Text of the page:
Read the full press release from Stratasys here.

via Engadget

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The Neo-Artist: a high-tech guide to making

One man’s mission to solve the economic downturn for creative people.

Lincoln Kamm spent 12 years in the animation industry before breaking out and producing his own works. He has since met with notable success with six-figure sales and is now helping others learn how they too can do the same.

In an upcoming publication The Neo-Artist, Lincoln expands on his college lecture series and consulting experience. The book is a treasure-trove of knowledge that aims to teach creative people about the latest in high-tech hardware and software for turning ideas into real physical objects.

Topics covered include 3D printing and laser cutting, designing custom electronics, clothing and more. Most importantly, The Neo-Artist will also show how to make other aspects of the available technologies work for you to help market and sell your work. It’s perfect for makers who are just starting out and will still have plenty to offer those who have been in business for years, guiding them to the next level and beyond.

So if you are a creative person who’s into technology, be sure to take part in The Neo-Artist Kickstarter campaign and make a pledge to secure yourself a copy of the book. It’s time to leave the rat race behind.

The Neo Artist via Kickstarter

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Inside 3D Printing conference coming to Chicago

Get 15% off conference passes

After a successful event in NYC this spring, Inside 3D Printing is coming to Chicago next month, July 10-11.

Keynote speakers include Illinois Congressman Bill Foster, Stratasys founder Scott Crump, and 3D Systems CEO Avi Reichental. Other speakers will discuss topics ranging from policy (3D printing and the future of Intellectual Property, the rapid manufacture of weapons) to mass adoption (desktop printers from start to finish, 3D printing adoption in retail and branding) to innovative new uses in food, fashion, architecture, and electronics.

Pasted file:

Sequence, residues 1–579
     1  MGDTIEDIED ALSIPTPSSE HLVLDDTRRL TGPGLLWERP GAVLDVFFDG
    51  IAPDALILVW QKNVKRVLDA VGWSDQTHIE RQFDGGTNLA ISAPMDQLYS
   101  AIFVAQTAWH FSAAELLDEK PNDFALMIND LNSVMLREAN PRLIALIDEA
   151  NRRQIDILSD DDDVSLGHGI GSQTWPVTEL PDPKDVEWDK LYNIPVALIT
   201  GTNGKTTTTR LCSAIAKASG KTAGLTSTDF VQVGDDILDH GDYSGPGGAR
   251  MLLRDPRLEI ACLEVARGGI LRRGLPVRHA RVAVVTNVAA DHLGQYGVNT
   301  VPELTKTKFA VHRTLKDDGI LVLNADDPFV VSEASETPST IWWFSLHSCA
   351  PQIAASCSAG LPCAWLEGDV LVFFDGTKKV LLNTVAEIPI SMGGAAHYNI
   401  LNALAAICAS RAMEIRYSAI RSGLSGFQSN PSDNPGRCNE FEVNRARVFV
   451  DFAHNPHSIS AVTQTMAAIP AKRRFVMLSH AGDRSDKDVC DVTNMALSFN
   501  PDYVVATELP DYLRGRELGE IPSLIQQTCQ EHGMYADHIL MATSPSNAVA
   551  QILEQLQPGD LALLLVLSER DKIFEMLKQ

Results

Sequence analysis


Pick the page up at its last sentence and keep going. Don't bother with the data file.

There’s also a full day’s schedule of tutorials and an exhibition hall of the latest 3D printing products, projects, and services.

Register for the event and save 15% with code PK15!

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3D printed ukulele

Digital manufacturing never sounded so sweet * UPDATE * video added!

There is a saying amongst ukulele players. It goes something along the lines of “Music self played is happiness self made.” So imagine how happy Matthew must be, as he strums away on his 3D printed ukulele!

We’ve seen an impressive folding laser cut uke before, and it was only a matter of time before someone had a serious crack at 3D printing one. Matthew (aka Koa Soprano) is no stranger to making his own musical devices, having previously tried his hand at violins and other stringed instruments.

His ukulele is something different though. Printed on a Stratasys Dimension 1200es 3D printer, it took about 37 hours for the body, neck and pegs to be produced. Allowance had to be made for the build area of the printer, which means that the headstock is a little shorter than usual. A neat dovetail was planned in to the Solidworks model so that the neck and body can be easily assembled after printing. Pegs were printed both horizontally and vertically to see which orientation produced a neater result.

Click through to see the finished instrument, as well as a few insights into pitfalls that were overcome during the printing process.